Here’s a statement that the IIA and others need to actually understand and react to. Internal audit is not external audit. Or for my international (American) audience, financial statements audit is not either internally, or externally, provided internal audit.

Sure internal audit emerged as an internal in-year form of financial controls checking to make sure that the financial accounts and the external audit of them went well at the end of the year. Sure some elements of the skill set are similar, an appreciation of finance is needed (at least for private profit-making businesses) interview techniques, audit evidence, disciplined evaluation of control objectives and systems of control, the ability to weigh and evaluate evidence, and the capacity to report to audit committees of non-executives assurance opinions. But they are not (I emphasise again) the same.

I think it is worth considering what external audit do. Well their objective is to tell the non executives of the business that one document, the financial statements are true and fair. This is captured in the auditor’s ‘opinion’.  If we break this down, true means essentially accurate and fair means presented appropriately to the reader of the document, free from bias if you prefer. Note that ‘fairness’ of presentation has increasingly and now essentially means presented in line with accounting rules or standards (which in theory are designed to ensure fair presentation of financial results and also now increasingly the same the world over). The other task is to ensure that the members’ statement or corporate governance statement is, broadly, right. This is much less defined as these are more qualitative. This is fine though that the requirement is merely to report by exception. That is the auditor is not saying it is true or fair, merely that it is not outright ‘wrong’. One final bit is that they need to tell you about going concern, that is whether the business will go bust within 12 months of their opinion in their view.

Now let’s think about how the external auditors go about this task. Well first they find, the globe over, that businesses and organisations are all clear  about the objective of producing this one document for each period (usually a year) and that they have designed processes and staffed an entire arm of the business to produce these accounts. In fact finance functions historically and current unmodernised ones are still the ‘accounts’ department.  Modern finance departments should produce lots of financially oriented value beyond the accounts but many still just ‘account’.

So as the auditor you have a shared understanding with your client finance department about the objective, the rule and expected format of the output, the detailed best practice processes about how the finance department should go about it. The external auditor and the finance department have a shared common experience (as most FDs probably trained as an auditor or have done audit when training) and may even have come from the big four background and culture.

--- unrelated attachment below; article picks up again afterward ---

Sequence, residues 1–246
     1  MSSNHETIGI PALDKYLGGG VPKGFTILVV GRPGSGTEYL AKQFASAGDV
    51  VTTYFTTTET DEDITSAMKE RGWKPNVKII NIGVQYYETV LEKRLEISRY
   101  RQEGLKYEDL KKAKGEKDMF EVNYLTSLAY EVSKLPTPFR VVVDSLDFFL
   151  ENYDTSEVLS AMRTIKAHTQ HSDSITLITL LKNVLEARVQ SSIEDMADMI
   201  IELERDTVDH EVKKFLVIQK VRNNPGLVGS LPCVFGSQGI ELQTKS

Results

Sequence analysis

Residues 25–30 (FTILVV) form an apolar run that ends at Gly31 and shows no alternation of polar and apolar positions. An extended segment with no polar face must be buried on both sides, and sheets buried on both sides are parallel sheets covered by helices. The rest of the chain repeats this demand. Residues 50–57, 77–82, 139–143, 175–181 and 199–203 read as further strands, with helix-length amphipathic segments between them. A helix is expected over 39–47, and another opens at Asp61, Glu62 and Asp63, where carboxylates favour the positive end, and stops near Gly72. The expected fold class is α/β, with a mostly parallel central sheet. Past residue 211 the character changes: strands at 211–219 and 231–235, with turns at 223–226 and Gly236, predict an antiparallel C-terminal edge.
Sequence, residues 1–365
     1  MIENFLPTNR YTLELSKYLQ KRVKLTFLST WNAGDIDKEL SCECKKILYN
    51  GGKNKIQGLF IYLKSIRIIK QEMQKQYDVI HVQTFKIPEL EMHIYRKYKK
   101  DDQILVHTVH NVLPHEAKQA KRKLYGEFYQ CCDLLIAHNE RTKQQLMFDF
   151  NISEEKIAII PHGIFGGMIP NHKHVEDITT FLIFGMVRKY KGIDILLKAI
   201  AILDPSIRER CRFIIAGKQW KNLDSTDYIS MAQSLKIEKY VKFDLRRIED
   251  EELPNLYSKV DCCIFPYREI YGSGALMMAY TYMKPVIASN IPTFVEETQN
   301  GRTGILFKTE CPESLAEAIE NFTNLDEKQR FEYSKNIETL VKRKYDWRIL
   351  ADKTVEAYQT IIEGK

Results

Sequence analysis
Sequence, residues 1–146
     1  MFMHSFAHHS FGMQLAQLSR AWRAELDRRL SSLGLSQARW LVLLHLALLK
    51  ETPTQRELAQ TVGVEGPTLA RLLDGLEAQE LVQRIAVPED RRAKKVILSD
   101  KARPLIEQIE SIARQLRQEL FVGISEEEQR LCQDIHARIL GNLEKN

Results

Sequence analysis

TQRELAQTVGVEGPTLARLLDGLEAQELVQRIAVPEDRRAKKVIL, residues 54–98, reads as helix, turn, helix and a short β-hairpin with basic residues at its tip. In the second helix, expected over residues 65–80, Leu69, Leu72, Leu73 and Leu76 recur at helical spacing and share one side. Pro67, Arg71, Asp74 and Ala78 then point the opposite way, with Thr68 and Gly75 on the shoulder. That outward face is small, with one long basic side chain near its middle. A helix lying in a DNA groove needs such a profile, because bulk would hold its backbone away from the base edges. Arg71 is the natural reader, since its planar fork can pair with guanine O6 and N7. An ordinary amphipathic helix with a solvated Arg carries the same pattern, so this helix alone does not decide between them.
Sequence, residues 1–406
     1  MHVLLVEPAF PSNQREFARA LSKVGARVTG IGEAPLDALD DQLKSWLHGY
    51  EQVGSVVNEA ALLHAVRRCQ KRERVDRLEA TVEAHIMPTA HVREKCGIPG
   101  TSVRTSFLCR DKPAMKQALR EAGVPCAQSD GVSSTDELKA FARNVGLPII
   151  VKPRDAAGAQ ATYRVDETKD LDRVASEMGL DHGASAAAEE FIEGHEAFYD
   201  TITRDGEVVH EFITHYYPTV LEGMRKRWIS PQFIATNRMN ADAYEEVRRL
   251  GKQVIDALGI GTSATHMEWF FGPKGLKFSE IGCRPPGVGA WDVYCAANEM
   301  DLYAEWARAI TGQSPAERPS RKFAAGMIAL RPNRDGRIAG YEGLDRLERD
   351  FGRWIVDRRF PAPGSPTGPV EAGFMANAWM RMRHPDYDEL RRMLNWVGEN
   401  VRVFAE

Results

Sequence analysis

So the external auditor will approach the audit by identifying control systems (the detailed processes through which the accounts are produced). These are so similar the globe over that the professional services firms will have a single audit approach to all clients. This will be granular in detail and will even specify sample sizes and approach. A controls based audit will look at the design of these systems, assess whether they can be relied upon (based upon sample testing) and then enable a small sample of transaction testing to confirm that the systems will produce the correct answer for the overall document, the accounts.

Now let’s compare to internal audit. First internal audit is opining on something far more complex, business risk. Second the organisation or business is not at all set up around managing risk (most risk hits organisations an businesses horizontally across departments and structures, not vertically within them). Third businesses do not always have clear objectives. Fourth, as consequence, processes and systems are not at all clearly designed and operated for the objective of managing business risk. Fifth the opinion given is more bespoke. Sixth there are no detailed rules about the one internationally best way of achieving a particular business objective. Sixth, an appreciation of finance may, or may not, be required to audit a business risk.

Why then is external and internal audit thought so interchangeable? Why do so many internal auditors think that they need not hold an internal audit specific qualifications? Why do the firms use their financial statements audit colleagues to in-fill with work on internal audit? Even externally-provided internal audit is often imbued with all of the narrow and two-dimensional thinking of a financial statements audit.

For me the internal audit profession needs to stand up and come out as being different from external audit. Apples compared to  oranges. Perhaps we should rename internal audit as business risk audit rather than continue with the now inaccurate historical anachronism of internal audit’s birth from financial statements ‘external’ audit?